GREENSBORO, NORTH CAROLINA – Friday is the deadline to register to vote in most of North Carolina’s counties.
- Most voters won't need to do anything to vote in November, except if they've moved or are inactive voters
- The General Assembly voted to extend the Friday registration deadline to Monday for 28 southeastern counties hard-hit by Florence
- Voters will get another chance to vote during the early voting period, which starts Wednesday, October 17
The Guilford County Board of Elections saw steady traffic during lunch hour Wednesday, of people registering to vote.
Paislee Winkler was among the folks who stopped by to make sure she could vote in in the General Election.
"I went on the website and it said I was an inactive voter. I wanted to make sure I was able to vote,” said Winkler.
Most voters won't need to do anything to vote in November. You will need to register if you've moved, on inactive status, haven't voted in a while and haven't answered mail from elections offices.
Those offices have seen increased business as the registration deadline nears.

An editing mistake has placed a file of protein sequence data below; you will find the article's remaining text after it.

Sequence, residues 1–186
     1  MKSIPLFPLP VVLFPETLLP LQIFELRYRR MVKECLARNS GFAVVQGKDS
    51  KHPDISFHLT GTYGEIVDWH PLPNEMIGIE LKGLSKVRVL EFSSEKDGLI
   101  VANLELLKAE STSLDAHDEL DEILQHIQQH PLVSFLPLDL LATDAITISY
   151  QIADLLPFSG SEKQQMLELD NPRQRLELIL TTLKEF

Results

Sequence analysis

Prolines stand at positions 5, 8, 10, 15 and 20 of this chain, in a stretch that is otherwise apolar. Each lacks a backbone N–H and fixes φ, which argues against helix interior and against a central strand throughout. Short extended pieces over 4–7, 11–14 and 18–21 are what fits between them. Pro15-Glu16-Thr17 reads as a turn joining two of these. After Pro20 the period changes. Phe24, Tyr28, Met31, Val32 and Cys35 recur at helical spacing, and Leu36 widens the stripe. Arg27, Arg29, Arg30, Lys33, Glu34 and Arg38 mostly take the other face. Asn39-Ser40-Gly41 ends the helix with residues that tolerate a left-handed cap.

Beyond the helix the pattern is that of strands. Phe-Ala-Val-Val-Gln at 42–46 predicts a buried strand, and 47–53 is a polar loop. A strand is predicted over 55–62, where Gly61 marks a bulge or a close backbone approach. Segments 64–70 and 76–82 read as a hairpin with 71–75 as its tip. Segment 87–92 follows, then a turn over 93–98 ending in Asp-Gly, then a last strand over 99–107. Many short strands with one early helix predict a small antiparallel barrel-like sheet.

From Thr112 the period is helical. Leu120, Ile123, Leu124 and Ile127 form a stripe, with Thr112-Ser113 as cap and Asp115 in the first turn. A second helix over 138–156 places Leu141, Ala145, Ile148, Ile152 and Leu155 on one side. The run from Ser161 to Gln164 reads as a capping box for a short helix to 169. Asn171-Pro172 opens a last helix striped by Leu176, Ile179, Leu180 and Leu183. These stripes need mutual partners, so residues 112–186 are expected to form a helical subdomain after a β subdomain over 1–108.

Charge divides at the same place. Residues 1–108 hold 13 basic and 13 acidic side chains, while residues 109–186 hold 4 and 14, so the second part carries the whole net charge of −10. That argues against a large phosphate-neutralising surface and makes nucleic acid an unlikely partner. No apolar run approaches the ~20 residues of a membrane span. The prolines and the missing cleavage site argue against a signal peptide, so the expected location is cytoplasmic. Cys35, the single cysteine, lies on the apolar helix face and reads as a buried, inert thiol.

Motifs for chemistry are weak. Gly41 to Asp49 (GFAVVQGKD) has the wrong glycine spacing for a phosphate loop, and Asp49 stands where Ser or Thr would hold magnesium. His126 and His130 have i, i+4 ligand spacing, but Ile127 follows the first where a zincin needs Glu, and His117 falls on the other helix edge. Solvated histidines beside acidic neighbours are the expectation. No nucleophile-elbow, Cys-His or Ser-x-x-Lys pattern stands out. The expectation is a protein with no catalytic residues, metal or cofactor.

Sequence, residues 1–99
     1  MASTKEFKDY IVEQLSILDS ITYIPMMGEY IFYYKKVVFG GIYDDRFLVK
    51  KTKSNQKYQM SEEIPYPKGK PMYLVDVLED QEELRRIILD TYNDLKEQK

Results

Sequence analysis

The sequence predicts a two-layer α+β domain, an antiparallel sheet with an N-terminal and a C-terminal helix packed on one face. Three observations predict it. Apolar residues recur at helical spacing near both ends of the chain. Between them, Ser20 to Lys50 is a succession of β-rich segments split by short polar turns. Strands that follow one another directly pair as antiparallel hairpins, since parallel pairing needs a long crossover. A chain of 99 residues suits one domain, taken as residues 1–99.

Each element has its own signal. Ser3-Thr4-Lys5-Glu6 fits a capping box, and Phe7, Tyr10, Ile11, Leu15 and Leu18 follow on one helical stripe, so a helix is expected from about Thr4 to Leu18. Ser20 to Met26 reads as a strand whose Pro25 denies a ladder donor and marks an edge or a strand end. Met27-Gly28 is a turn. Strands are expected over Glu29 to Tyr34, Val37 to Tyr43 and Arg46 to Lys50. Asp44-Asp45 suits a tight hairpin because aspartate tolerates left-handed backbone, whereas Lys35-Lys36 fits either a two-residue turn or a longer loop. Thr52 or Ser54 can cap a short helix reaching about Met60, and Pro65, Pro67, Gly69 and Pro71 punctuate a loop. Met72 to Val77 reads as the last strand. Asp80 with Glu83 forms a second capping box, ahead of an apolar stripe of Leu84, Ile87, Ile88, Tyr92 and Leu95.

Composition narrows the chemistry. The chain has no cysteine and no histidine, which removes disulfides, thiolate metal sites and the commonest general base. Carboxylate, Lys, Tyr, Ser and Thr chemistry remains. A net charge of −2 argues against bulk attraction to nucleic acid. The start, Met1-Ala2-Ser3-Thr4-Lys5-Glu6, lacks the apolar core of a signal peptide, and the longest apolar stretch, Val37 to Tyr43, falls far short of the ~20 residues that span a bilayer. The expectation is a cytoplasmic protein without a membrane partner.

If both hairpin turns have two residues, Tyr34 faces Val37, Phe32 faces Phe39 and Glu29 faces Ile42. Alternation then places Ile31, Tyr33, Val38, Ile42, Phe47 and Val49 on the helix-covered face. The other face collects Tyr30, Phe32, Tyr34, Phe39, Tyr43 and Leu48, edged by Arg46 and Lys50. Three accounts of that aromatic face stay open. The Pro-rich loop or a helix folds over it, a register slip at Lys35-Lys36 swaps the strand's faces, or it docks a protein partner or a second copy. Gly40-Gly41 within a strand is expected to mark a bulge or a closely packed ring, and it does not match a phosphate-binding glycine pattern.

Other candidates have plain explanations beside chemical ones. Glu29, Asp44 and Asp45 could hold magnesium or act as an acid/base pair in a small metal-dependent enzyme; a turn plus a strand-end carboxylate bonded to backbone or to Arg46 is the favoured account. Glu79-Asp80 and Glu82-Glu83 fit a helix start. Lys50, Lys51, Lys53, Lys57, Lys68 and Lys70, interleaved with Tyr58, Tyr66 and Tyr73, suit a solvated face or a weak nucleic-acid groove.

"Registration fluctuates. The volume goes up or down depending on the election, type of election, and the season, and we're definitely seeing a push,” said Charlie Collicutt, Guilford County’s Elections Director.
The General Assembly voted to extend the Friday registration deadline to Monday for 28 southeastern counties hard-hit by Florence. Those include Beaufort, Bladen, Brunswick, Carteret, Columbus, Craven, Cumberland, Duplin, Greene, Harnett, Hoke, Hyde, Johnston, Jones, Lee, Lenoir, Moore, New Handover, Onslow, Pamlico, Pender, Pitt, Richmond, Robeson, Sampson, Scotland, Wayne and Wilson counties.
"There's a lot of chatter about this election, and a lot of voters making sure they can vote," said Collicutt.
Voters will get another chance to vote during the early voting period, which starts Wednesday, October 17.
"They'll fill out some paperwork, and they can register and vote there at that early voting site, but not on Election Day. It's only for early voting," said Collicutt.
And for many, this election carries some additional importance.
"This is a midterm election, it's not necessarily the biggest in North Carolina, but it is something where every vote will count," said Winkler.